Every business that uses a foreign currency becomes vulnerable to currency rate fluctuations. The rate's ups and downs will impact the business's future worth and its medium and long-term competitiveness.
Businesses can suffer a dead loss if the currency changes to their disadvantage between the time they complete a sale or accept someone's currency and when they cash the payment or pay their supplier. Even the slightest change could have significant consequences on their profitability.
The problem of how to best manage foreign exchange volatility has plagued multinational companies for decades. That's why so many companies are struggling to manage their currency risk in the right way.
In this article, we will talk about four common mistakes that companies make when they manage their currency risk:
1. Not understanding the impact of the exposure to the currency market
If it's the end of the quarter and you need to close the books in a few days, can you adequately explain the exchange rate results to senior management with confidence? A company making some of the previous mistakes listed above would likely be unable to answer "yes" to this question. There is inevitably going to be a mismatch between the underlying exposures and the hedges meant to neutralize them, for several reasons. Intra-month adjustment trades, forecast deviation, mark-to-market calculation errors, forward points, and incorrect and/or catch-up re-measurement entries can all affect your results to various degrees at different times. The ability to quickly isolate these factors is critical in understanding your results and providing a quick feedback loop for your next period's hedging. Attempting to do this without the right tools can be a frustrating exercise and can feel like trying to find a needle in a haystack.
2. Misunderstanding of hedging transactions’ goals and implications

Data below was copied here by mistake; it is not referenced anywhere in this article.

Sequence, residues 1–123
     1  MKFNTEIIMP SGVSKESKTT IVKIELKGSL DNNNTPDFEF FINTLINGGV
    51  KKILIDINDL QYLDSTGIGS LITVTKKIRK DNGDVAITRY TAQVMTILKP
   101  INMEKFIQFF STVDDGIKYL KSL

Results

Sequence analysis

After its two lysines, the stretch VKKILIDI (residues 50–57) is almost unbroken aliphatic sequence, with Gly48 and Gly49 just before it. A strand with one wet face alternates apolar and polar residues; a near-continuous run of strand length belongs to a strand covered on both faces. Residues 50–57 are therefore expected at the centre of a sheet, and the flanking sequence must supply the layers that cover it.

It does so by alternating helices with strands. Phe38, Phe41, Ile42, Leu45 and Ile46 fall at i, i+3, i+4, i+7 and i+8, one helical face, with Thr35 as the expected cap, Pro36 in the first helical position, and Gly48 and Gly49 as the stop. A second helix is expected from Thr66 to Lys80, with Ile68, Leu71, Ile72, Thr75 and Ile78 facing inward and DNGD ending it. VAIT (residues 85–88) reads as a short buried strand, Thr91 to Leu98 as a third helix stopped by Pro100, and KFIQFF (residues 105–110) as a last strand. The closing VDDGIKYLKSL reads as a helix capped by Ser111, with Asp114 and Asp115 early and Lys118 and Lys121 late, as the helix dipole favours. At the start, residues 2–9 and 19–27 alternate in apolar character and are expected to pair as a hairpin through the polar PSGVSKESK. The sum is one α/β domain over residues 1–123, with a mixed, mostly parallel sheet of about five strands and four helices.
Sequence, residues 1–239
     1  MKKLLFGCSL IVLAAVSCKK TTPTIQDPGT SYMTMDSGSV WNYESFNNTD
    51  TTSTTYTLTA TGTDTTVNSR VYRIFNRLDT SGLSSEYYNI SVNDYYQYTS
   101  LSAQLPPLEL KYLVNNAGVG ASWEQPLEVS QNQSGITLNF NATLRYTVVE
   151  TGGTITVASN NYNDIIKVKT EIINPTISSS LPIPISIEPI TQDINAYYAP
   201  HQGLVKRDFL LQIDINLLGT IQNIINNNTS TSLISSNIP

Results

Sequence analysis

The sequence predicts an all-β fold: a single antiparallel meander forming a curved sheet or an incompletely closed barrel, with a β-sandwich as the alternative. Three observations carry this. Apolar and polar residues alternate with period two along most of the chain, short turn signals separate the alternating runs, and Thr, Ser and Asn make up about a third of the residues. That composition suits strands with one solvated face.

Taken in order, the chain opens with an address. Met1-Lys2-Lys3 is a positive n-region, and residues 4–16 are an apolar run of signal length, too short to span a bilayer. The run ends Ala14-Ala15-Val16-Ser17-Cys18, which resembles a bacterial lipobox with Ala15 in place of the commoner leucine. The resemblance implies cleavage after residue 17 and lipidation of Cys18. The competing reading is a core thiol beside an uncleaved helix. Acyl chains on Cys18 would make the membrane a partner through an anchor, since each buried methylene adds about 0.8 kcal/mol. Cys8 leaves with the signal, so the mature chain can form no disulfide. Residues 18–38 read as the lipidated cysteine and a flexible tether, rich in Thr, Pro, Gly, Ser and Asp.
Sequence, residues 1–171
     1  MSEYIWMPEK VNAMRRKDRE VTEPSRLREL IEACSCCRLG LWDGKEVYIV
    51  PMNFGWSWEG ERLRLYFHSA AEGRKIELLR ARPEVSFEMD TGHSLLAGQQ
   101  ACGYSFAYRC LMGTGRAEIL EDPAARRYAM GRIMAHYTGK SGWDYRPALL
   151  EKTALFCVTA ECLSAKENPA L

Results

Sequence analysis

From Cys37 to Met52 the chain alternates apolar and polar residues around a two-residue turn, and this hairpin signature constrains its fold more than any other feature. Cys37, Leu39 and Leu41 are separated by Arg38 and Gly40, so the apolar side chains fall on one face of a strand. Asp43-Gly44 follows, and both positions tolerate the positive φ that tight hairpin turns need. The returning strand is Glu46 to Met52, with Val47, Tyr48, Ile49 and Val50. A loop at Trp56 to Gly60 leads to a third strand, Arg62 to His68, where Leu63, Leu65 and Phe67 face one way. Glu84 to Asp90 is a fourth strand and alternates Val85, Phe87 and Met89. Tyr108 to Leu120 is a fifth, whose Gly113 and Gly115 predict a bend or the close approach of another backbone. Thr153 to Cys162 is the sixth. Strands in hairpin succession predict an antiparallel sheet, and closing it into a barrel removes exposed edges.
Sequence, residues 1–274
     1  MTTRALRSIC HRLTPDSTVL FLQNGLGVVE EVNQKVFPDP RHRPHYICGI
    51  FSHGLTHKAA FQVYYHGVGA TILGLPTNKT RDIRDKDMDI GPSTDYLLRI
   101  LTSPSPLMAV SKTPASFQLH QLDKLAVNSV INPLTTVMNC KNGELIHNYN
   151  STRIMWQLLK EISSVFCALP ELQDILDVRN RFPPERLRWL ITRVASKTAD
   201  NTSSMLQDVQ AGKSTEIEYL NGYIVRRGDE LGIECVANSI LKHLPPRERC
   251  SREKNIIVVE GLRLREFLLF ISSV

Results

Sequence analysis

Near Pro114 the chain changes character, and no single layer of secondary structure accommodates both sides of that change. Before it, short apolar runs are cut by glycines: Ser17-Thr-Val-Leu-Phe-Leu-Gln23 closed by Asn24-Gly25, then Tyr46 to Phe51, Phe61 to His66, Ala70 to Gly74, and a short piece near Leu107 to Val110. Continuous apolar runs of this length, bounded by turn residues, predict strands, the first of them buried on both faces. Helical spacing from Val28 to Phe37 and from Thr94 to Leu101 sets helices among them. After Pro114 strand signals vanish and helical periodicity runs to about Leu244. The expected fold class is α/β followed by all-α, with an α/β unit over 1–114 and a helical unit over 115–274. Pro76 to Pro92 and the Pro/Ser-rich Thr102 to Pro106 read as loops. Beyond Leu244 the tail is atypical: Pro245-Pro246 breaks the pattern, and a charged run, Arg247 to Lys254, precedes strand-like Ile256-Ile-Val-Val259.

In many cases the company is not fully aware of the purpose of the hedging tool, its payment mechanism and its implications. Over time companies forget why they executed hedging transactions and tend to evaluate their performance as a separate asset that creates profits and losses both economically and from an accounting perspective. This may lead to inadequate transaction cash-flow management (prematurely exercising hedging transactions when profitable) and even to stop hedging when hedging transactions show losses. Some companies choose not to hedge their economic currency risk due to accounting implications.
3. Not having a flexible hedge policy
Many companies that are exposed to currency market movements often have fixed predetermined current practices, and fear of change can be a significant obstacle to updating them. The problem with this is that many things have likely changed since a specific method or risk management policy was established, and various assumptions that may have been true years ago are no longer valid today. Currency risk policies tend to be implemented or updated over time in response to significant losses generated by exposures that weren't previously considered or well understood.
4. Not engaging enough with business partners
If you hedge your company's local currency revenue exposure, do you understand the competitive environment in the various geographies where you do business and their respective specific pricing dynamics? Do you have any pricing power if there is a significant shift in the currency market? Whether your primary exposures are revenue or expense related, several factors would influence how much and for how long you should hedge, whether to use options or forwards, whether to layer in hedge rates, and how to interact with sales/procurement in terms of quoting/purchasing in local currency, and other considerations. A company may also need multiple strategies for differing product lines or business segments. An excellent way to test if a hedging strategy makes sense is to "stress test" it with different "What if?" scenarios, which should include modeling how you and your competition, suppliers, and partners would react.
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